After selling Leonard, Fort Worth's Longhorn council has seven campsites. "We had a number of offers over the course of years from developers. Granbury was an encroachment problem, and Scouts don't enjoy camping in the city,'' said Scout executive Dan Clifton.

Neither the Dallas principal in the corporation that bought the Leonard Scout property nor its president returned telephone calls, and there has been no public announcement of plans for the former camp.

Mergers trigger sales

Although some Scout councils, like the Northern New Jersey Council and the Twin Rivers Council in Saratoga County, N.Y., have sold campsites to nature conservation groups that ensure the land won't be developed, other Scout land deals have spurred controversy. Before it was sold several years ago, Camp Madron was 240 acres of Scout camp nestled alongside Lake Madron in southwestern Michigan. Today, a portion of its timber having been harvested for firewood, Camp Madron is an exclusive subdivision of 49 summer lake homes for part-time residents, many of whom are from Chicago, 90 miles away.

Sale of the camp came amid the mergers of several councils in Michigan. "It [Camp Madron] wasn't deemed necessary after the merger," said Lyle Sumerix, a troop committeeman and a 30-year Scout volunteer. "Since then, they've closed several."

Officials at the Southwest Michigan Council in Kalamazoo did not return calls.

Although Boy Scouts is a nonprofit organization, its business affairs over the last several years have mirrored the corporate world of mergers and acquisitions.

National Scout officials say participation has grown steadily "from 5.4 million in 1990 to 6.1 million in 2000", "but the number of locally controlled councils dropped in the same decade from about 400 to 315."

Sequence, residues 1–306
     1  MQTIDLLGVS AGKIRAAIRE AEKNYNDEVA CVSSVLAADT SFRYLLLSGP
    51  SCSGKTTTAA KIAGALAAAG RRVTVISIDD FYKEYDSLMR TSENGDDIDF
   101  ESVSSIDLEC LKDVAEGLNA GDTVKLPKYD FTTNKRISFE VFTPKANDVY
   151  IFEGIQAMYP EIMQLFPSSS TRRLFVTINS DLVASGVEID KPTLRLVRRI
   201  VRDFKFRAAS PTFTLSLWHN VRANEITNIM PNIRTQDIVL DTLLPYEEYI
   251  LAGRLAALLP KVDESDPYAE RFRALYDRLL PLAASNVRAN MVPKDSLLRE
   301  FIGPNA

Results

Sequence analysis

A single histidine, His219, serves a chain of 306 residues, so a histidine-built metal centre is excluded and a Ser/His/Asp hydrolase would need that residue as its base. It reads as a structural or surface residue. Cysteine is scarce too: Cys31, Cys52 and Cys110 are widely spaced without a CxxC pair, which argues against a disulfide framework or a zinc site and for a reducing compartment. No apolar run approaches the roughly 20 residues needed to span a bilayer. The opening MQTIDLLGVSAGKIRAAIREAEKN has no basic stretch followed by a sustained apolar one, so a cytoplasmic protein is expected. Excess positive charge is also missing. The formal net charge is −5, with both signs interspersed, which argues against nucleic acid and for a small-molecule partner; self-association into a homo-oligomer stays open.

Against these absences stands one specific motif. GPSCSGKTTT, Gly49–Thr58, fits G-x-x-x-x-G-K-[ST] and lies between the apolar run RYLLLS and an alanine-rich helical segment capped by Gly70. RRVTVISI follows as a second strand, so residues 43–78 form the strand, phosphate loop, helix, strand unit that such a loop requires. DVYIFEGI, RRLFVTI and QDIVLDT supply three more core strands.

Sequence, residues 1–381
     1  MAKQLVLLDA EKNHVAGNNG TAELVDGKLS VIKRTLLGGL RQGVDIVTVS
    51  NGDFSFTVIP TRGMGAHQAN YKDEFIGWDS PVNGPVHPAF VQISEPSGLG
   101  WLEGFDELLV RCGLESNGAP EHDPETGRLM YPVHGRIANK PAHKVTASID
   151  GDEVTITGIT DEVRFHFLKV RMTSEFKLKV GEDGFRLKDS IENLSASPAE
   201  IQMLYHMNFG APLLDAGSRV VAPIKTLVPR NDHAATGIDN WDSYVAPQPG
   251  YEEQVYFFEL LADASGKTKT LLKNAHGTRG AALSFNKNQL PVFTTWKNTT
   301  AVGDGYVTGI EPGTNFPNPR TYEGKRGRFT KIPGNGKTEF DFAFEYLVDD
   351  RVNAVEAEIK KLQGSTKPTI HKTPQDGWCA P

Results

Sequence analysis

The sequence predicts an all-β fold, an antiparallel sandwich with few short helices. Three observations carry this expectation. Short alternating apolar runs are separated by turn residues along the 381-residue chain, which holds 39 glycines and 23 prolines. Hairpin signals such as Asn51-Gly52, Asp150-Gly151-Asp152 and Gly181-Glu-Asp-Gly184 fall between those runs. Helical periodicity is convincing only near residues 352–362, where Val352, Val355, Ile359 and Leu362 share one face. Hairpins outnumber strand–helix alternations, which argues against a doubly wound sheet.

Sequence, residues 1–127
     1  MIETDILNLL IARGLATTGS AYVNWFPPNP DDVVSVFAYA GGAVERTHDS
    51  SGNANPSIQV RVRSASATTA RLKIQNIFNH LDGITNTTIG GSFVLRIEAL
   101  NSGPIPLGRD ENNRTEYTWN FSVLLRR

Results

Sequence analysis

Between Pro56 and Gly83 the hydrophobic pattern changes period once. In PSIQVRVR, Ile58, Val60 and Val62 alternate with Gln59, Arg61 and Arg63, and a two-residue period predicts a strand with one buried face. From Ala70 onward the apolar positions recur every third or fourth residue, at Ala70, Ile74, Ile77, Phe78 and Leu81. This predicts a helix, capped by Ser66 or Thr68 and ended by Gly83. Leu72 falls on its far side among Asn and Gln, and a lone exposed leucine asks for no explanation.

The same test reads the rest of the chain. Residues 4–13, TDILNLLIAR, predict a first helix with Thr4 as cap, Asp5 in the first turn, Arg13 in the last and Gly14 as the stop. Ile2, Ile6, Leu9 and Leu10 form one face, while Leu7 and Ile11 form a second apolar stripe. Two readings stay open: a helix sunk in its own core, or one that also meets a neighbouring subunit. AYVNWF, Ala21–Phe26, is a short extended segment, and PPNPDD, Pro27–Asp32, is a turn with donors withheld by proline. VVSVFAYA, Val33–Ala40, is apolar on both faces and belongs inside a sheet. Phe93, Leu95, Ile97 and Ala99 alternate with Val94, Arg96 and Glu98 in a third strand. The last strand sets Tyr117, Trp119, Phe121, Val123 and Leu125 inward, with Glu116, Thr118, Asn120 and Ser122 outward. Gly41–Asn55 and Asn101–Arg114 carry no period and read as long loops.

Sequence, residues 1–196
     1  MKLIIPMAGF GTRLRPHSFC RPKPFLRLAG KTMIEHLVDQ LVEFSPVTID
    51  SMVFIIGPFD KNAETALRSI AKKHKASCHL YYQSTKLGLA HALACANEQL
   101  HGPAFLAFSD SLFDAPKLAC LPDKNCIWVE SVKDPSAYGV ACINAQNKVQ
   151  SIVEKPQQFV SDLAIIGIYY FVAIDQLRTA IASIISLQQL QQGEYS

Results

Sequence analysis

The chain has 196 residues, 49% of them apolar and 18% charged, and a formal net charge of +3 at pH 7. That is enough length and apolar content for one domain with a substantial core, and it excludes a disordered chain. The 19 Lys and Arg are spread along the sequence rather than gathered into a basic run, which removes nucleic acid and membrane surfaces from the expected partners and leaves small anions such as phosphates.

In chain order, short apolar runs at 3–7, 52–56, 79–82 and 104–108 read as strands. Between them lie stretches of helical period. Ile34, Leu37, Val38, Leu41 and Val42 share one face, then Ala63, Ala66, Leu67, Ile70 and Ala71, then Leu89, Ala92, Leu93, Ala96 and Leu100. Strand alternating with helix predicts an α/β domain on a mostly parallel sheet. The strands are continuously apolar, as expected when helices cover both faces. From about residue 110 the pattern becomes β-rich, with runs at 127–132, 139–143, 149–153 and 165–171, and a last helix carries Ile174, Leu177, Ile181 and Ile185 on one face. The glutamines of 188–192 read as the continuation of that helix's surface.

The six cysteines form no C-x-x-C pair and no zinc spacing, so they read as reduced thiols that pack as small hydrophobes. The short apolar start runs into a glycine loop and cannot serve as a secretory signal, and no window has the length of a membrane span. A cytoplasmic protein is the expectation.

"It has been a trend over the last 10 years to merge ... to maximize your assets," said Mr. Shields, the Scouts' national spokesman. Many councils, according to their executives, find themselves land rich and cash poor after mergers.

"There had been a number of mergers in Connecticut. ... Camping properties began to accumulate," said Harry Pokorny, Scout executive in New Haven. "The long-range strategy committee looked at all these developments and made a decision to sell one property and put money into improvements at the others."

In 1993, his council sold the Isle of Lakes Scout Camp to the Mashantucket Pequot Indian tribe for $5.5 million. The 1,200-acre lakeside retreat in North Stonington is across from the tribe's Foxwoods Resort Casino, reportedly the largest, most profitable gambling casino on the East Coast.

A portion of the site, which had been in Scout hands since the early 1950s, has been earmarked for a 36-hole golf course, according to local officials.

Half the $5.5 million, Mr. Pokorny said, went to endowments.